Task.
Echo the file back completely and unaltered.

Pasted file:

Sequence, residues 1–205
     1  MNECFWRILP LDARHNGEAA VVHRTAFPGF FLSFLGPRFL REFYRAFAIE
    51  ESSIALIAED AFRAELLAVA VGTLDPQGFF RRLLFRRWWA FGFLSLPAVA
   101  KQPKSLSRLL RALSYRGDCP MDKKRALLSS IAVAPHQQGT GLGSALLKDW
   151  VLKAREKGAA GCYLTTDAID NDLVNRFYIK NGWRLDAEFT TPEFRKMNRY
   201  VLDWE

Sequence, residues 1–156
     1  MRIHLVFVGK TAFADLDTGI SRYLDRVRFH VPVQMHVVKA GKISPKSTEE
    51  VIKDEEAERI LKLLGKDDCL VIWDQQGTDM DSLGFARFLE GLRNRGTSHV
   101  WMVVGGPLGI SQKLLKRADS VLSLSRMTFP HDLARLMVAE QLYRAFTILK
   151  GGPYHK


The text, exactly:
Sequence, residues 1–205
     1  MNECFWRILP LDARHNGEAA VVHRTAFPGF FLSFLGPRFL REFYRAFAIE
    51  ESSIALIAED AFRAELLAVA VGTLDPQGFF RRLLFRRWWA FGFLSLPAVA
   101  KQPKSLSRLL RALSYRGDCP MDKKRALLSS IAVAPHQQGT GLGSALLKDW
   151  VLKAREKGAA GCYLTTDAID NDLVNRFYIK NGWRLDAEFT TPEFRKMNRY
   201  VLDWE

Sequence, residues 1–156
     1  MRIHLVFVGK TAFADLDTGI SRYLDRVRFH VPVQMHVVKA GKISPKSTEE
    51  VIKDEEAERI LKLLGKDDCL VIWDQQGTDM DSLGFARFLE GLRNRGTSHV
   101  WMVVGGPLGI SQKLLKRADS VLSLSRMTFP HDLARLMVAE QLYRAFTILK
   151  GGPYHK